Derek Cianfrance’s “The Place Beyond the Pines” is a handsomely mounted epic that at times sinks under the weight of its own ambition.

The story is three-fold. It begins with a motorcycle stunt driver named Luke (Ryan Gosling) who discovers that he has a son with an old flame (Eva Mendes) and turns to robbing banks to provide for the child. Eventually, the narrative finds Avery, a police officer (Bradley Cooper) who becomes embroiled in a police corruption case after pursing Luke. Finally, the story expands its scope a third time, studying how the two men’s decisions have reverberated across many years.

It’s not that Cianfrance has bitten off more than he can chew — the script is solid for the entire two-hour-and-20-minute running time — but like many anthology films, not every section is as compelling as its counterparts. The first part is the best, exploring Luke’s emotional upheaval and mission to become a paternal influence. Here the story feels immediate and authentic, akin to Gosling and Michelle William’s doomed romance in Cianfrance’s previous film, “Blue Valentine.” Even when he turns to robbing banks, Luke’s actions are believable for an addle vagabond who had no father of his own.

The problem is that when the film shifts its focus to Avery, it loses its intimate focus and devolves into rote plotting about an idealistic rookie cop fighting a corrupt police force. The themes of morality, justice and fatherhood still resonate in this portion, but the genre doldrums are enough to make it feel like a lesser companion piece that no one asked for. The last section thankfully returns to unmarked territory, but a third change in the cast of characters is just another reminder of how far the film has strayed from its terrific opening section.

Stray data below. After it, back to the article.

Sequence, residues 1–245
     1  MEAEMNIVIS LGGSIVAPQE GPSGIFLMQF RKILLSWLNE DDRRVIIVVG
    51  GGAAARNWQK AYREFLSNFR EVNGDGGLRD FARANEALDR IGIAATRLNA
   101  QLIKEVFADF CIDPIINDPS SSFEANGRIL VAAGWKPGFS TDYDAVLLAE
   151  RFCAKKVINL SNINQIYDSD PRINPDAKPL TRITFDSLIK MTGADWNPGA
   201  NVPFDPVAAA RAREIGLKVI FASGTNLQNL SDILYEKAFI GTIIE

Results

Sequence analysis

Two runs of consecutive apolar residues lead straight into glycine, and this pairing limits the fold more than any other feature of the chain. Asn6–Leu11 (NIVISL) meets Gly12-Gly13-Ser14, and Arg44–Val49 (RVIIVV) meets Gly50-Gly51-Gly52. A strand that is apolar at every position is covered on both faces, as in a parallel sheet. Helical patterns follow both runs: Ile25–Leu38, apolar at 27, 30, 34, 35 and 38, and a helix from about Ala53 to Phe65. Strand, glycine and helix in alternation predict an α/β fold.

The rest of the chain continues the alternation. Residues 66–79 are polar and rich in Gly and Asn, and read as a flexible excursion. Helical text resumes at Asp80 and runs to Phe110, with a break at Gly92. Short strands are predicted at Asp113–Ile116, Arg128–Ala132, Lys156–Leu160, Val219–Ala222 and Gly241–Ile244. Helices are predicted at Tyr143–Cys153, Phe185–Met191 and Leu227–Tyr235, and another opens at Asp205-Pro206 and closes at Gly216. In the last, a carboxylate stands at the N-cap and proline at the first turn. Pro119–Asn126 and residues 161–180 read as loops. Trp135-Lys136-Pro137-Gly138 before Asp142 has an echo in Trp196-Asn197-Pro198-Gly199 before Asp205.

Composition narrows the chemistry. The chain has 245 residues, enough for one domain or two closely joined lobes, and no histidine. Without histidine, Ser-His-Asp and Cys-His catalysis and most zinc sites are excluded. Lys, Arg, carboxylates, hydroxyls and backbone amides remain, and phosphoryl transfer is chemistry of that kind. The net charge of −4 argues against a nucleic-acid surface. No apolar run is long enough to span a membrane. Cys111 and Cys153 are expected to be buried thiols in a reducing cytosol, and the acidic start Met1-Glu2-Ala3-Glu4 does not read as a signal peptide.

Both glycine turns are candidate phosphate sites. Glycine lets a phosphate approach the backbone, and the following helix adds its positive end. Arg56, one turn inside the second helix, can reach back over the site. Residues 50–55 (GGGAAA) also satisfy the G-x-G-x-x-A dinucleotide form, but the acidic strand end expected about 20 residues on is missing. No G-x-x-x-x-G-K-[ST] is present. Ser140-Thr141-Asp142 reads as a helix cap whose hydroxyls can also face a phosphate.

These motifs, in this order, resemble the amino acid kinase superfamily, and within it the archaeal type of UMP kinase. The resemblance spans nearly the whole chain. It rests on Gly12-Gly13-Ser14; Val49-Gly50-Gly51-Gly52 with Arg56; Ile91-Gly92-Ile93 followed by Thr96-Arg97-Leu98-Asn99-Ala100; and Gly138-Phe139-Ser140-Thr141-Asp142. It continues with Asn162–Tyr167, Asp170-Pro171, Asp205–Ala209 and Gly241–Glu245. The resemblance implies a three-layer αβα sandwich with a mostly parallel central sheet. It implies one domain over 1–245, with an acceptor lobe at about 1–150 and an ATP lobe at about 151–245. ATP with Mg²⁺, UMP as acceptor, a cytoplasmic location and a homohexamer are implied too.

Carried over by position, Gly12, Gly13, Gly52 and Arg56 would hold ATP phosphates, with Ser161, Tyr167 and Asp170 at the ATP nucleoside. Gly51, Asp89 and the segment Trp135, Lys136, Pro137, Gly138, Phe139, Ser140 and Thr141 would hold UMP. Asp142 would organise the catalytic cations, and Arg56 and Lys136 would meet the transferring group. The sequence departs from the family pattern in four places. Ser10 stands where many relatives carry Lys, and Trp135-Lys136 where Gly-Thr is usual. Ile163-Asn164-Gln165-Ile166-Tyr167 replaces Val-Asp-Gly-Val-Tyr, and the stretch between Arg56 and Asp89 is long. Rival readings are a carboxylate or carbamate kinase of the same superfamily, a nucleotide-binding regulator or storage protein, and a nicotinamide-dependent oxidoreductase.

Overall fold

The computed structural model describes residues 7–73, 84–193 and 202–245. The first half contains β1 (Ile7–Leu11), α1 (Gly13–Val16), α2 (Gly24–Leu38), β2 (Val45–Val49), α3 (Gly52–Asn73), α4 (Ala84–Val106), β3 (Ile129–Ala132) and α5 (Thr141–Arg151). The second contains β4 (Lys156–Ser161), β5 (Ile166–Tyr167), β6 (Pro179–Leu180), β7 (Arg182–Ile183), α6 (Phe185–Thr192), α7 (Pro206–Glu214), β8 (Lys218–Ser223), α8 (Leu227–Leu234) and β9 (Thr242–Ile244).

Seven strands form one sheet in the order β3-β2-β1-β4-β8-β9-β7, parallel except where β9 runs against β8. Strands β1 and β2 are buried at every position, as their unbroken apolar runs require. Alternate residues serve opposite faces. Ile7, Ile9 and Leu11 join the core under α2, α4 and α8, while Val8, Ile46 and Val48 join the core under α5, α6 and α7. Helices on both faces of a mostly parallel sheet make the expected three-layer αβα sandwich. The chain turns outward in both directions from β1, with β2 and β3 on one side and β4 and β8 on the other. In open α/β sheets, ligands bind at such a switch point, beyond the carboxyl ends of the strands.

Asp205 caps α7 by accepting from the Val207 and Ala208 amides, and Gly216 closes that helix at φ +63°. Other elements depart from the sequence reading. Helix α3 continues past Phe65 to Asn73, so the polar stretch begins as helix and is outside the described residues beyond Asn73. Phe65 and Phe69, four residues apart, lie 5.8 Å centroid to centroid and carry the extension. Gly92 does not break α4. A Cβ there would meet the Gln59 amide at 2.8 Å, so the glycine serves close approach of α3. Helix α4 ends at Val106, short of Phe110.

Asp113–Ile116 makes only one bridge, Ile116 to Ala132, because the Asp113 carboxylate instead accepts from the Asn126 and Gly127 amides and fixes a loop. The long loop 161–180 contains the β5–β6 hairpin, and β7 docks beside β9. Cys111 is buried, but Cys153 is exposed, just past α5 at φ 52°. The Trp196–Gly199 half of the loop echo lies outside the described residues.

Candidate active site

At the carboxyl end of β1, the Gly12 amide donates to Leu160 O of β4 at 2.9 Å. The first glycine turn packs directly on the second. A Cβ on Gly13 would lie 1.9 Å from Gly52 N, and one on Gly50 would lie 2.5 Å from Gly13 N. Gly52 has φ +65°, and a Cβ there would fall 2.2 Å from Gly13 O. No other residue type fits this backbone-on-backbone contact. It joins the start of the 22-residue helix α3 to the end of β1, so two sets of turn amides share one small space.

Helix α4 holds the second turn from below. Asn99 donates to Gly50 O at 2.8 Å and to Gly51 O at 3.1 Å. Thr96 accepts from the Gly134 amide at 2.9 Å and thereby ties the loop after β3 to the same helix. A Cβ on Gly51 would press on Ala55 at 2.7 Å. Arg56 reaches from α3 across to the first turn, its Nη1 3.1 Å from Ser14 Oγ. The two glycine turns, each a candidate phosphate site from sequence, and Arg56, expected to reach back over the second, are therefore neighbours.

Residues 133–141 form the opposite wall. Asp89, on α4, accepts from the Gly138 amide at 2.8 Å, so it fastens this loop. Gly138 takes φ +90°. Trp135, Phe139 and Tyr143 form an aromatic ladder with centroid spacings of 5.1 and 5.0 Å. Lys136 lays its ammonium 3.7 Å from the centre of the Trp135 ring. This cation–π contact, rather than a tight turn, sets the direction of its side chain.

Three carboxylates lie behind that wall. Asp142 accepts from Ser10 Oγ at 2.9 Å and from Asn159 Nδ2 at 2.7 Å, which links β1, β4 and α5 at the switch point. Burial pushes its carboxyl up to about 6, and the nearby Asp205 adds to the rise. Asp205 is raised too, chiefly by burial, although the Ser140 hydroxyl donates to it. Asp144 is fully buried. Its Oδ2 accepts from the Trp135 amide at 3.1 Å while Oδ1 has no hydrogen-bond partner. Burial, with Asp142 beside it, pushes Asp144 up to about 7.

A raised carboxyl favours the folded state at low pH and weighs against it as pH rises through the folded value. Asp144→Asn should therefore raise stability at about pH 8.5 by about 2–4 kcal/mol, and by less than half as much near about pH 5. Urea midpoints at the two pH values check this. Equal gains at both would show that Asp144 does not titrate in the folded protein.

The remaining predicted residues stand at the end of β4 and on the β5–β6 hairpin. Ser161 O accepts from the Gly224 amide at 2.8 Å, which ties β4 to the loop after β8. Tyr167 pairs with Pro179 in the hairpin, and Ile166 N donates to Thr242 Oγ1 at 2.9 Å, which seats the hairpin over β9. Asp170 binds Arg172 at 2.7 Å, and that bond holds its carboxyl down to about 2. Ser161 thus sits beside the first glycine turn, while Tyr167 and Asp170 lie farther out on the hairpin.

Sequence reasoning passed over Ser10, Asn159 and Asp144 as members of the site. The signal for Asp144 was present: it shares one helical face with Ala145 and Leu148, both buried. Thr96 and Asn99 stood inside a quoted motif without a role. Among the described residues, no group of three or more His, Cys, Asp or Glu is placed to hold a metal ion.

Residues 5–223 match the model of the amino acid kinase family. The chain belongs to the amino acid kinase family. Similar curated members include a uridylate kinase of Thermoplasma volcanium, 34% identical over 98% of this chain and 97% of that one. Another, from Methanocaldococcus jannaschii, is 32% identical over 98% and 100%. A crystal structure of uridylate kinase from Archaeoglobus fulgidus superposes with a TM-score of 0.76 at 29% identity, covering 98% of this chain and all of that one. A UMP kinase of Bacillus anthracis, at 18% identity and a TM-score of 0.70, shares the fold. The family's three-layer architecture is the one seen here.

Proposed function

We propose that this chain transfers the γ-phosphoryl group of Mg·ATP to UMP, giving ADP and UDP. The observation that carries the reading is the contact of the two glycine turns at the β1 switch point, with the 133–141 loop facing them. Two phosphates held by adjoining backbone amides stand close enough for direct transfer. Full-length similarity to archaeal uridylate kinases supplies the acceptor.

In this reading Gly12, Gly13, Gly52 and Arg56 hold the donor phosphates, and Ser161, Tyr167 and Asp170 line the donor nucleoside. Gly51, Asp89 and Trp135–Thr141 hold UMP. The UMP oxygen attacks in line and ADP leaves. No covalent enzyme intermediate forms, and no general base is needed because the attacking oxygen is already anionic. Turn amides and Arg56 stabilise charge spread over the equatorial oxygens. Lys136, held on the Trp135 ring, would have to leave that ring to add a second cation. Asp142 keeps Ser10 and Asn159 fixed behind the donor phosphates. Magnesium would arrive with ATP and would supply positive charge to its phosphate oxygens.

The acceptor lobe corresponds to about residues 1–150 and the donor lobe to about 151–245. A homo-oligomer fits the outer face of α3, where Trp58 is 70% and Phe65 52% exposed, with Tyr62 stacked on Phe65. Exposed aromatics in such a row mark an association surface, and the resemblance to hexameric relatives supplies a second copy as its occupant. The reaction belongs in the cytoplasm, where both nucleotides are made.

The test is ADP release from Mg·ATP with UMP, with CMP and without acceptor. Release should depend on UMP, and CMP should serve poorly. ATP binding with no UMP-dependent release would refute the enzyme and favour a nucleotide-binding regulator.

Despite the unwieldy narrative, the film impresses in many regards. Gosling excels as an artificial symbol of masculinity whose layers are gradually peeled away, Mendes gives an impressively weathered performance as her character fights against upended circumstances, and Cooper seems tailor-made to be a guilt-ridden upstart. Another star of the show is Sean Bobbit ‘s cinematography, which aptly moves from chaotic police chases to serene countryside revelations and couldn’t be more flattering to Gosling’s physical attributes or his vulnerabilities. There is a standout scene where Luke weeps in a church and his tears are highlighted against a stained-glass window, suggesting that both Bobbit and Cianfrance could become more expressionistic auteurs if they are ever inclined.

The film would be a total package if Cianfrance were more modest or more aware of his story’s strengths. In an odd congruence with the movie’s themes, everything that went wrong here seems to be the result of one bad idea.

The Place Beyond the Pines (Cianfrance, 2013) B-

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